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How Do We Measure Risk-Taking in the Brain?

Results from an elegant design tapping into the neural basis of risk-taking.

Key points

  • Risk-taking may occur as a result of either decreased risk sensitivity or increased reward sensitivity.
  • Neuroimaging experiments use risk-reward games such as the Balloon Analogue Risk Task to measure risk-taking in the brain.
  • Risk-taking during the Balloon Analogue Risk Task is associated with brain activity in the reward, salience, and executive control networks.
  • Brain activity during risk-taking differs between adolescents and adults, reflecting adolescents' increased risk-taking.

Short answer: There are countless ways we could measure risk-taking in the brain. But one paradigm I find particularly elegant is known as the Balloon Analogue Risk Task (BART).

The Balloon Analogue Risk Task

The BART is simple. A balloon is shown on the screen, and players can inflate it to earn money. (See an excellent video demonstration of the task here). There are two buttons: “Inflate” or “Cash Out.” As the balloon inflates, the reward for cashing out goes up, but so do the chances of the balloon popping. If the balloon pops, no money is earned for that round.

Experimenters typically have people play many rounds of the game to get an average sense of their risk-taking preferences. More inflations on average tells us that someone has either lower sensitivity to risk, higher sensitivity to reward, or both.

Functional Magnetic Resonance Imaging

The BART was originally devised as a psychological experiment to measure risk and reward preferences, but it has since caught on in neuroscience. By having participants play the BART while their brain is being scanned in an MRI (magnetic resonance imaging) scanner, scientists can measure real-time brain activity in response to what happens on the screen.

Functional MRI (fMRI) works by measuring blood flow in the brain using extraordinarily powerful magnets. The magnets in modern MRI machines are strong enough to lift a car. (But they are completely safe, as long as you don’t have any metal on you.)

The oxygen in your blood is ever so slightly magnetic, so when blood flow increases or decreases in certain areas of your brain during a task, fMRI can measure those changes.

However, it’s not as simple as more blood flow means more brain power. Sometimes reduced blood flow can mean increased efficiency, and increased blood flow can mean more struggle during an unfamiliar task.

For these reasons, fMRI studies can sometimes produce conflicting results. Fortunately, a group of researchers from China published a meta-analysis of 22 fMRI studies measuring risk-taking in the brain using the BART. Meta-analyses (studies of the results of many other studies) are the gold standard for understanding many things in science.

Risk-Taking in the Brain

The meta-analysis found remarkable consistency in the neural signatures of risk-taking. Across all 22 studies, significant activation patterns were found in three primary brain networks: the reward, salience, and executive control networks.

In the reward network, researchers found that the right putamen and left caudate areas of the brain all activated more when participants inflated the balloon. These areas were involved in calculating the reward value when deciding to inflate. In the salience network, bilateral insula and dorsal anterior cingulate cortex activity were associated with balloon pumping, likely working in tandem with the reward network in appraising value and focusing attention.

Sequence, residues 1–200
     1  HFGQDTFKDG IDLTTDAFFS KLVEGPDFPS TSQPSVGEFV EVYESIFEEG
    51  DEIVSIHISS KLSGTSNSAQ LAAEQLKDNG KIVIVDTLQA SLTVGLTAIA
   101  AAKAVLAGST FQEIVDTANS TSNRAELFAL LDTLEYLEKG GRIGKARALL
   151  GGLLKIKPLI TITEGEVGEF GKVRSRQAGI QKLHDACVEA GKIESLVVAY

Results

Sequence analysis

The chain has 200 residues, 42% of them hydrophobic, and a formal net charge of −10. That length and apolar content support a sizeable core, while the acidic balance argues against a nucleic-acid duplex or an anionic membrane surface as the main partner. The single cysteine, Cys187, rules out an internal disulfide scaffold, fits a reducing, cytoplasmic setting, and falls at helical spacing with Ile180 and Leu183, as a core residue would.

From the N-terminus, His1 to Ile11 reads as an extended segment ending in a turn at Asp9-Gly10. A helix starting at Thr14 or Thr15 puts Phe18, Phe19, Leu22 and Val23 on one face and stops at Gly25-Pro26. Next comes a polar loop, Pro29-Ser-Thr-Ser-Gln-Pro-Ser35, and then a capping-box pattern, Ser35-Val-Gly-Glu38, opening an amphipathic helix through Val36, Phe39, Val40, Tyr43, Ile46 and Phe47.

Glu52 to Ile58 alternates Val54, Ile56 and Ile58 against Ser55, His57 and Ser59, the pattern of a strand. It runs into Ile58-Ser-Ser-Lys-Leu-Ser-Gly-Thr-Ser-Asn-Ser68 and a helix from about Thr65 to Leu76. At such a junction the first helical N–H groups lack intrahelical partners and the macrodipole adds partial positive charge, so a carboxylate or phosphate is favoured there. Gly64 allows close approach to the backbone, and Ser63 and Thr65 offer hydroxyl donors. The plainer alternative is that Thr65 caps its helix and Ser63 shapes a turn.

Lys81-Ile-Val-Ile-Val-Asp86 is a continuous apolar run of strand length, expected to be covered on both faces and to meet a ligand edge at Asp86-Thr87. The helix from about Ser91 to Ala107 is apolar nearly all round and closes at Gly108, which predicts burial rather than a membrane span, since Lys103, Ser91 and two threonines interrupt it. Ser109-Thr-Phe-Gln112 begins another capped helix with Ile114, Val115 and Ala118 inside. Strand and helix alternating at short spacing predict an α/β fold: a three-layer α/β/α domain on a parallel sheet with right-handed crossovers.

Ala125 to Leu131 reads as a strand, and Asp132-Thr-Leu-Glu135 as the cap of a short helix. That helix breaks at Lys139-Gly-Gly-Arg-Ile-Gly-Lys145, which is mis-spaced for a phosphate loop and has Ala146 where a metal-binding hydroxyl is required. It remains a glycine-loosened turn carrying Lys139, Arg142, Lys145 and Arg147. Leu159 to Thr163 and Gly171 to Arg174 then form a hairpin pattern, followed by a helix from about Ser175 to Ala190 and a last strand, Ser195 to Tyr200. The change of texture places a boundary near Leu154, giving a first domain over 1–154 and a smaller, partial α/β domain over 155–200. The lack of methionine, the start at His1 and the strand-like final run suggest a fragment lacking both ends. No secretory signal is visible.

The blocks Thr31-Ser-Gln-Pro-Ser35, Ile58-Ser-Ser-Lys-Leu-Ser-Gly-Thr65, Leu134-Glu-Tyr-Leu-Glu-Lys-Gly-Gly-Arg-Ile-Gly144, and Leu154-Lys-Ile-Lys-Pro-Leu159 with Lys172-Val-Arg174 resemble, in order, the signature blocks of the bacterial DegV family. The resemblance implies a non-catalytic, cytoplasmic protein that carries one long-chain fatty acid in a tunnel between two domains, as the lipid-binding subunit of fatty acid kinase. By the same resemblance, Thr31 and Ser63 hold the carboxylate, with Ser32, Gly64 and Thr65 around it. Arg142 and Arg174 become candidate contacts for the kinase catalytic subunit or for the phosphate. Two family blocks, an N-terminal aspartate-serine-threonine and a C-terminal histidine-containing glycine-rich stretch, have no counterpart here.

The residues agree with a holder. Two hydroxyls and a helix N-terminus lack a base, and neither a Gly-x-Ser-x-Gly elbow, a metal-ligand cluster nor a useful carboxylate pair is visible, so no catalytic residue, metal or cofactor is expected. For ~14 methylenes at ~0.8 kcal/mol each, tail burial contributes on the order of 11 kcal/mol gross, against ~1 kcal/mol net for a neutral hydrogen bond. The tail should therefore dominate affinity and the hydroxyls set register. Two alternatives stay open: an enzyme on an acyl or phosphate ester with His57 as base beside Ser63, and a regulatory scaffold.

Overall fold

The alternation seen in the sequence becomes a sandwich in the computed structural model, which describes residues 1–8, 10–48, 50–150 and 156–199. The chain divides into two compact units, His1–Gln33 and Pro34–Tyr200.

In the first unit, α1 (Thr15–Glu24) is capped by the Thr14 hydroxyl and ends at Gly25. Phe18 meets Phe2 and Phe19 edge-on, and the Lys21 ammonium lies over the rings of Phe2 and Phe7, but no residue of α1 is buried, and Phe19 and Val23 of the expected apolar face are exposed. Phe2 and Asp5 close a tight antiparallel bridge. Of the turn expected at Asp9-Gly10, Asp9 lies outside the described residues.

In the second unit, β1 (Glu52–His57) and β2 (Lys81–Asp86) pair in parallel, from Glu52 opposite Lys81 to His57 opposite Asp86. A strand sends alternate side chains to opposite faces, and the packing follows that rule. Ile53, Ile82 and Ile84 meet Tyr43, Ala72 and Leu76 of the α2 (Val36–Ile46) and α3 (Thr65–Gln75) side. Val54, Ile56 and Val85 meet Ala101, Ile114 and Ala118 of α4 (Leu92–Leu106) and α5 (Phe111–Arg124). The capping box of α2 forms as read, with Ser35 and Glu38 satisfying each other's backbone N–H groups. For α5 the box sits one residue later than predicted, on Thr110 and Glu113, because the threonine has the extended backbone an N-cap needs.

Lastly, in the executive control network, right dorsolateral prefrontal cortex (dlPFC) activity was positively associated with balloon pumping decisions. The authors note that another study found that inhibiting the dlPFC using targeted magnets produced increased risk-taking behavior, indicating that during risk-taking, the dlPFC may be playing an inhibitory control role, making sure the risk-taking does not go too far.

Age-Related Changes

All of these results were consistent across adolescents and adults. However, researchers also noted some age-dependent results. Compared to adolescents, adults showed more brain activity during risk-taking in the right thalamus and midbrain. Conversely, adolescents showed more activity in the reward (bilateral putamen), salience (bilateral insula), and executive control (right dlPFC, left frontal lobe) networks.

Adolescents typically engage in more risky behaviors than adults, including on the BART. Traditional developmental theories argue that this is due to an underdeveloped executive control network (relying heavily on the prefrontal cortex, the part of your brain involved in decision-making that is still developing into the mid-to-late 20s). However, researchers note that the increased dlPFC activity relative to adults could mean that adolescents are in fact engaging in more cognitive control for the same levels of risk, and engage in risk-taking not out of carelessness but deliberate exploration.


Overall, these results are a useful sanity check. You would expect brain areas involved in reward processing, attention, and inhibitory control to be implicated in risk-taking, and that is exactly what researchers find: not just across a single study, but across all 22 studies over the last two decades that have deployed the fMRI and BART paradigms since they were developed.


Wang, M., Zhang, S., Suo, T., Mao, T., Wang, F., Deng, Y., ... & Rao, H. (2022). Risk‐taking in the human brain: An activation likelihood estimation meta‐analysis of the balloon analog risk task (BART). Human Brain Mapping.

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